Budget is no problem. We are willing to spend whatever amount for the security. We are on 5 acres and in horse country. It's very quiet here and there are no street lights on our street and so it is very dark at night. The problem is we have already wired the home, and are in the last stages of construction (e.g. we're moving in shortly). Are there any alternatives to the Axis that are small with great features? (Avigilon?)
Anyhow, Vigil: The P3363 does not have IR, did you mean the P3364? Using the product finder on axis site, with outdoor ready, day& night, lightfinder and built in IR, all I see if the P3364-LVE. These will all be external ceiling mount, nothing will be on the wall, not sure but I've never mounted one of these on the ceiling?
A lot of great information in the articles, however I need to analyze it and come up with the best solution. As you all know, clients (in this case myself), sometimes want the best, but the most discreet at the same time.
Attached is the front door, you can see the cable hanging down where the camera will be mounted. The front door faces north, and there are two electrical boxes where the sconces will be. This is one of I think 9 or 10 doors... It looks like we will need IR, just to find one with integrated that works will now.
The Axis P3363 has great low light performance and additional IR lights if you want, but that illuminator might be limited in angle/orientation. We'll test that in a few days, but the cam has outstanding results with external IR beamers. If you have only some `foreign` light avilable (street light,...), no IR is needed. I would try to get the cam for demo and see the results... All the best, Patrick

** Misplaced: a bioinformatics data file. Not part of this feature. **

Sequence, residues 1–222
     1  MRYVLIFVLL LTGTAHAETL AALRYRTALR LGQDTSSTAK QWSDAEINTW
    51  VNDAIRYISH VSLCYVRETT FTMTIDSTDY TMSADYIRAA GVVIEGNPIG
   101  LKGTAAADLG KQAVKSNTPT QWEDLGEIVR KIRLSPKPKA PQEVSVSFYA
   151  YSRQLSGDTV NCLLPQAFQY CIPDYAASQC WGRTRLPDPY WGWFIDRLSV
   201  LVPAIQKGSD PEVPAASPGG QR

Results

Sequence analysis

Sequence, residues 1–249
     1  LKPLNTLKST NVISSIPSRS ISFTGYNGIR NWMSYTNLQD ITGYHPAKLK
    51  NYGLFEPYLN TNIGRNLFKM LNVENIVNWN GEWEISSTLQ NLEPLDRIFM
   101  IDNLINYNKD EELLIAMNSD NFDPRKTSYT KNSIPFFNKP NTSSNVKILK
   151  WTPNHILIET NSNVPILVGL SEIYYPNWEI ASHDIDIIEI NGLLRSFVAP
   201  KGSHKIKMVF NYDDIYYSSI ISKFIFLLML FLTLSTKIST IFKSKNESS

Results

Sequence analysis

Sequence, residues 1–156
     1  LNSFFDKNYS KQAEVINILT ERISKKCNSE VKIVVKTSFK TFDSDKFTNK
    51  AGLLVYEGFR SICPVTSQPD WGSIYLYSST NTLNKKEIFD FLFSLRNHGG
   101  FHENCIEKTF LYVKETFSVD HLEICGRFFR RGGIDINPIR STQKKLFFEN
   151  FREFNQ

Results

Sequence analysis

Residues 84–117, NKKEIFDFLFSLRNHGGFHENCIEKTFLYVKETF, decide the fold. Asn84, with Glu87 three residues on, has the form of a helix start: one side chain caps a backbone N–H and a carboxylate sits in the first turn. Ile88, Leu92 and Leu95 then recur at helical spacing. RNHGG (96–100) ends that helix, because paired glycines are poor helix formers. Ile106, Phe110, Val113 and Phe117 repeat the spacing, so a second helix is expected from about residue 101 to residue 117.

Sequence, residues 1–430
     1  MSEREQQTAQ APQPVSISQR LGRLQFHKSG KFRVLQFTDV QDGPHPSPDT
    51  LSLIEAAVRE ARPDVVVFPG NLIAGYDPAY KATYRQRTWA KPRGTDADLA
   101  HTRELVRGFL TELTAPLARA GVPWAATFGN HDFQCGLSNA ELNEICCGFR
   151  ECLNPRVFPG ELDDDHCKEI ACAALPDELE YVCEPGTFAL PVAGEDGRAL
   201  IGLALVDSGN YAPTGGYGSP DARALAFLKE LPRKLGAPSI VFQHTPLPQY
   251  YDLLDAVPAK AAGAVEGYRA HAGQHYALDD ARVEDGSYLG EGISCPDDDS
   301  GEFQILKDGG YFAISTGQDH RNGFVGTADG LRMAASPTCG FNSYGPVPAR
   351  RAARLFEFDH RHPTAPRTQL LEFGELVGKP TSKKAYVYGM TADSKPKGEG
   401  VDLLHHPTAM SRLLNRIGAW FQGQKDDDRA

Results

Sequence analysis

Chesapeake & Midlantic
Generally speaking (BOCTAOE) integrated IR cameras give you better performance than low light capable cameras, because low light capable cameras only enhance available light, while IR integrated cameras add more light to the scene. Two sconce lights probably aren't enough to make a real difference to lighcatcher or lightfinder or lightseeker or whatever cameras anyway.
The best option is to use independent IR illuminators such as, to pick a product at random, Axton's AT-16S There's only so many IR LEDs you can cram into a camera, but if you get an independant, stand-alone unit, you can get more LEDs, and those LEDs can be spread out more. This gives you more even lighting (instead of only illuminating the center of the image, which is what happens with integrated IR).
Axis has a nifty tool illustrating the concept, part of their lighting tutorial.
A key consideration here is budget, but since you have cited all high end, expensive cameras, I presume that is not a major barrier?
There's lots of low cost integrated IR cameras, so if you wanted to save money, that would be one route.
In general, though, for high end use, when comparing 'super' low light and integrated IR cameras, the factors are:
- Very very dark (1 lux and lower), use integrated IR as 'super' low light cameras tend to be very grainy in such conditions
- Need to see color and / or already have street lights around, use 'super' low light.
See: Super Low Light vs Integrated IR Shootout